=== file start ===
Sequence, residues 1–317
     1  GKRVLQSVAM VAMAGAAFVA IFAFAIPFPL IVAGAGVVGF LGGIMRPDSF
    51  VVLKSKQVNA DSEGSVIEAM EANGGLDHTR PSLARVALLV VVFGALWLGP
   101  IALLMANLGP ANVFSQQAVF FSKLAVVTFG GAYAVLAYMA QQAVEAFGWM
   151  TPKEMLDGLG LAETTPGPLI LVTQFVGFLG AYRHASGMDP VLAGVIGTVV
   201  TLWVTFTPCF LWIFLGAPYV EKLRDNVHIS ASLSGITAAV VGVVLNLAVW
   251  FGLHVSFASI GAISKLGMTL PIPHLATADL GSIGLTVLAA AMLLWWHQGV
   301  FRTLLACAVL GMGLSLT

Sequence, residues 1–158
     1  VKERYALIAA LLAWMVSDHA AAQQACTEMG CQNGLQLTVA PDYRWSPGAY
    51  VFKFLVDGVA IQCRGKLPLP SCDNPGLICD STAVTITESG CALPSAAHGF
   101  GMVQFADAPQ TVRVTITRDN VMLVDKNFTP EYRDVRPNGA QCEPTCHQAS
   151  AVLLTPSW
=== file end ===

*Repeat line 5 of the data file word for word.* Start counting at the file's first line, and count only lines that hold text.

   151  TPKEMLDGLG LAETTPGPLI LVTQFVGFLG AYRHASGMDP VLAGVIGTVV